David Langford (infrastructure manager, New Plymouth District Council) won the Hynds Pipe Systems Paper of the Year for his presentation of this paper, Blurring the lines with the New Plymouth District Council Professional Services Collaborative Contract, at the IPWEA NZ 2017 Annual Conference in Dunedin. David acknowledges co-author Luke Meys (market director – water environmental & local government, Opus International Consultants).
The New Plymouth District Council (NPDC) Infrastructure Professional Services Collaborative Contract is a perfect illustration of the theme of the IPWEA NZ 2017 Annual Conference: Blurring the lines: Integrating our efforts.
The contract is a hybrid model: blending the best of traditional, performance and alliance contracting models. Teams have been combined in new ways aligned with the NEC3 principle of working together in a spirit of mutual trust and cooperation.
This collaborative relationship began with an innovative approach to the consulting market and has continued to develop throughout the procurement and delivery phases. The full paper (see link below) by NPDC and Opus, the successful consultancy, brings together their individual and collective perspectives on this best-practice delivery model.
Key aspects of this collaborative approach include:
- A target price and pain / gain payment mechanism used to create shared ownership of objectives, including traditionally unilateral objectives such as profitability and cost control;
- KPIs have been developed so that they can only be delivered by both parties contributing equally;
- A strong focus on health and safety that is designed to ensure a consistent and common culture and values;
- Colocation integrates the teams and improves communication;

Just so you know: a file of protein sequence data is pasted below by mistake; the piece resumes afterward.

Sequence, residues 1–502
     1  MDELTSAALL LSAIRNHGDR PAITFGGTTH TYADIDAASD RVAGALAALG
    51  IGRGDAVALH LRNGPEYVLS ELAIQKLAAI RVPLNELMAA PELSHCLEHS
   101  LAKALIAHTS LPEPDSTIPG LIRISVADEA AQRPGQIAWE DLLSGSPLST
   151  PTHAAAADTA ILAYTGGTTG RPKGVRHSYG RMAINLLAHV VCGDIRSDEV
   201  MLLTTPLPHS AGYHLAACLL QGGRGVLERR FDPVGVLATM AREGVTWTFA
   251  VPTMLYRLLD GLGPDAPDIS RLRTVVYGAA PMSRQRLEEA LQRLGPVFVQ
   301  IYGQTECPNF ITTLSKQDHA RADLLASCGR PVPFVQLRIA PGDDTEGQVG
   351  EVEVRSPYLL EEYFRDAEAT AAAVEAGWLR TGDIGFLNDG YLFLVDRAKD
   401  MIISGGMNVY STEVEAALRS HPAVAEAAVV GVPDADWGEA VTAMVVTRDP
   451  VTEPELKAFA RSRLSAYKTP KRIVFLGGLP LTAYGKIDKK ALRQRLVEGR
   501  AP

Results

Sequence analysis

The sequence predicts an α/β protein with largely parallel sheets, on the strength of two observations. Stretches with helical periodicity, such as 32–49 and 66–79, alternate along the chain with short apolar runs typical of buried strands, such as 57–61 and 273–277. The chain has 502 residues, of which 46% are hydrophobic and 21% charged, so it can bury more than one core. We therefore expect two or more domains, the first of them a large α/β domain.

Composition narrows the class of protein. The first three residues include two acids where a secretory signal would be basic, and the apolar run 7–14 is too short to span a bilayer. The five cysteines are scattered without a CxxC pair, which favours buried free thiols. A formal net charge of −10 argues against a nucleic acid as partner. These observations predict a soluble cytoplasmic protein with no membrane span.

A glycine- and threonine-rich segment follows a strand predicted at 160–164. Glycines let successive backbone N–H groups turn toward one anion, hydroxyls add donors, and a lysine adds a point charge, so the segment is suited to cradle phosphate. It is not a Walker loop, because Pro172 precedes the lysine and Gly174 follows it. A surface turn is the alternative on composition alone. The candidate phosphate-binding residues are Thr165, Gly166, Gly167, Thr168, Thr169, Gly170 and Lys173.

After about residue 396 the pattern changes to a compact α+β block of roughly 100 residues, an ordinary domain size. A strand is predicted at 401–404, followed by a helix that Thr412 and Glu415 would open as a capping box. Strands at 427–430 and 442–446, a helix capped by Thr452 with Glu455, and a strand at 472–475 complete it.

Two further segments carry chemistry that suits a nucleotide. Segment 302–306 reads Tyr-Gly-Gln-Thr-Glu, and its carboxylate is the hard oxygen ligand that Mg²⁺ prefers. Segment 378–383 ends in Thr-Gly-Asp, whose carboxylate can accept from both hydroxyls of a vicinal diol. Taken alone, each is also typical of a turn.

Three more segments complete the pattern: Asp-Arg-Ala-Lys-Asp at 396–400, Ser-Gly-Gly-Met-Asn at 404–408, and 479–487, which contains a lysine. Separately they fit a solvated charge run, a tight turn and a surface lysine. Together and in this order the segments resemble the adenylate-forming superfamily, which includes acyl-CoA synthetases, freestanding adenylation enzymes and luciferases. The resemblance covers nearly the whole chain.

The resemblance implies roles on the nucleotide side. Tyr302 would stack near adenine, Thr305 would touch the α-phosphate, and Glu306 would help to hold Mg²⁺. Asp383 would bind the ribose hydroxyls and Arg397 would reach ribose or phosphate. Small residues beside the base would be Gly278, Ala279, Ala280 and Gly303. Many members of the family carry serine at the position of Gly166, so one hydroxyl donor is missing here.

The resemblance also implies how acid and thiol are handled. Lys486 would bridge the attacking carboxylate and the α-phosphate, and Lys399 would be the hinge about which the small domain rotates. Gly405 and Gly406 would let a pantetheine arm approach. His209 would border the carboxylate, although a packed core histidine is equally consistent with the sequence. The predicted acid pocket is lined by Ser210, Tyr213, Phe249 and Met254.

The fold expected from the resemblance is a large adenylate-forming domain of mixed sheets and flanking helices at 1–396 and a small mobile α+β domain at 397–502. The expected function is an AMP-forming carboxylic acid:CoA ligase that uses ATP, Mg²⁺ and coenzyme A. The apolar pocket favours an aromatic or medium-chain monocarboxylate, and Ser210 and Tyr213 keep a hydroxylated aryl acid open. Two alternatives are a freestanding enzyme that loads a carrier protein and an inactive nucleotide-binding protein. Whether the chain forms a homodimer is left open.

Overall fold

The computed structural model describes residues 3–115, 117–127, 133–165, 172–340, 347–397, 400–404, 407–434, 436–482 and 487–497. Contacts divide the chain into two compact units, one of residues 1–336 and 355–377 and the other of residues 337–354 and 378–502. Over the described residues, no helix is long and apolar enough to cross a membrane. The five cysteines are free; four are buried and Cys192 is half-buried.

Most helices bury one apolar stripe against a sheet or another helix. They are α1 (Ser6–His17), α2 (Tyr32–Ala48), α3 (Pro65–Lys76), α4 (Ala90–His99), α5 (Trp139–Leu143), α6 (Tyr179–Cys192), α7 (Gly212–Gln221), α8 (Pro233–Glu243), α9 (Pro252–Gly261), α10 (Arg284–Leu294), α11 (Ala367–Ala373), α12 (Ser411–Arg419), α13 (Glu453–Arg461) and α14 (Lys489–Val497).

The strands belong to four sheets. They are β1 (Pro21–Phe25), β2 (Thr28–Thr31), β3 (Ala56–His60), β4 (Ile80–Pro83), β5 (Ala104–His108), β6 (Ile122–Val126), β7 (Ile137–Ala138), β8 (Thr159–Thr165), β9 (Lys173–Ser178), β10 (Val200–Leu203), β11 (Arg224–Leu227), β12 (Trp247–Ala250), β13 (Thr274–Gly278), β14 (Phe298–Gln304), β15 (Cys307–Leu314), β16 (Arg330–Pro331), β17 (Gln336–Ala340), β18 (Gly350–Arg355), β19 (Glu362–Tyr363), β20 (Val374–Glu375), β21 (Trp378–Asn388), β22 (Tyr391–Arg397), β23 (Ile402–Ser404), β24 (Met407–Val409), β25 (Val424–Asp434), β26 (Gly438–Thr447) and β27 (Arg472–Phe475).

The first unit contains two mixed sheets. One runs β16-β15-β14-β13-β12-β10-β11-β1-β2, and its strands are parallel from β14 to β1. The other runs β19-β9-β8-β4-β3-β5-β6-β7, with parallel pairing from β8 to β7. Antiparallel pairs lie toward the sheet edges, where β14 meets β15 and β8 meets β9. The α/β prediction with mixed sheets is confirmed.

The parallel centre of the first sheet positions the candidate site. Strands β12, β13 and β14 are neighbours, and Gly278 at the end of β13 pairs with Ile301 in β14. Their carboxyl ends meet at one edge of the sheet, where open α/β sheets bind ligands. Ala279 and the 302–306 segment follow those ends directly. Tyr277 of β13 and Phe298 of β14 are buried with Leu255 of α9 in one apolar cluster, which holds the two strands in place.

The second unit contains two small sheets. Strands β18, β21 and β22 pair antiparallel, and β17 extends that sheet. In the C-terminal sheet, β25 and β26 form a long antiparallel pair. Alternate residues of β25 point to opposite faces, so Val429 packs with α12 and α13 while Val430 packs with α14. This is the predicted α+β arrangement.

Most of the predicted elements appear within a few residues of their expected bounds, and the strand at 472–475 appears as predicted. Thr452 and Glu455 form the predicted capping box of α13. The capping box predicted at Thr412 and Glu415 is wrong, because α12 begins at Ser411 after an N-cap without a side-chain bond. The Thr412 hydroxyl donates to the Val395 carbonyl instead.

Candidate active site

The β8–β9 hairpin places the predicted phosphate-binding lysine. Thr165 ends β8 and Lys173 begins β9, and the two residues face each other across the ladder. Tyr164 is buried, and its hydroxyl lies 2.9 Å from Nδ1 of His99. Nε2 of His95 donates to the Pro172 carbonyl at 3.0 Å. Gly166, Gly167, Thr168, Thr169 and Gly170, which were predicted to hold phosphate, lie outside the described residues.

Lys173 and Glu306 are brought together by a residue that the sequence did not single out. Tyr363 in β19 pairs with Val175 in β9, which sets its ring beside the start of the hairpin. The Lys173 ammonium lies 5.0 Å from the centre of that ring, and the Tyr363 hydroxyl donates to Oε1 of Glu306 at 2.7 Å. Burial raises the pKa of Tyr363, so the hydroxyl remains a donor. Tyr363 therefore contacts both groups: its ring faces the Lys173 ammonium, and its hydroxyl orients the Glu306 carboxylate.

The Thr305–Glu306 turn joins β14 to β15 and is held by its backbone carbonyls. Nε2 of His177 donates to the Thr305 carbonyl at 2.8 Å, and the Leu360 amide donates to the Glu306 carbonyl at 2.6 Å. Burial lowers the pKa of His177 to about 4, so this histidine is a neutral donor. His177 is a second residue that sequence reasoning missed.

- Project briefs are jointly developed so they deliver clarity and early discussions around cost control and risk;
- The NEC3 early warning mechanism is used to collaboratively mitigate emerging risks; and
- The contract price schedule includes a risk premium that reduces with time to encourage innovation and de-risking the contract.
In June 2016 NPDC’s roading engineering and professional services contract had reached its full term. The council then entered into a new seven-year contract for engineering and infrastructure professional services called the Infrastructure Professional Services Collaborative Contract (IPSCC).
This aimed to address a number of issues that had emerged from the previous contract. These issues had materialised in a poor working relationship between NPDC and the incumbent consultant, Opus. Underlying issues included a:
- perception by Opus staff of a master / servant relationship rather than one of equal partners;
- perception by NPDC staff of poor value for money;
- perception by NPDC staff of poor quality outputs; and
- lack of supply chain leadership as Opus acted as the management agent, supervising many of NPDC’s engineering and maintenance contractors.
It was considered that these underlying issues had developed over time due to the form and nature of the existing contract. This contract was based on the Conditions of Contract for Consulting Services (CCCS) standard form of contract with a basis of payment that predominantly used lump sum payments that transferred most of the risk to the consultant.
By applying the smart buyer principles to the design of the IPSCC the NPDC has made a step change from being a passive client to becoming an active supply chain leader. The IPSCC has created the conditions for a collaborative business relationship between two equal partners to develop.
This relationship is already providing mutual benefits, including efficiency gains, improved value for money, enhanced quality outputs, and a transformed and positive working relationship.
This change has not been without its challenges. It has necessitated, and will continue to require, sustained leadership effort and the courage to invite constructive challenge from partners.
We welcome any interest from other councils that wish to know more about how this contract is set up and working, and how they can apply its principles to their own activities.
This article was first published in the August 2017 issue of NZ Local Government Magazine.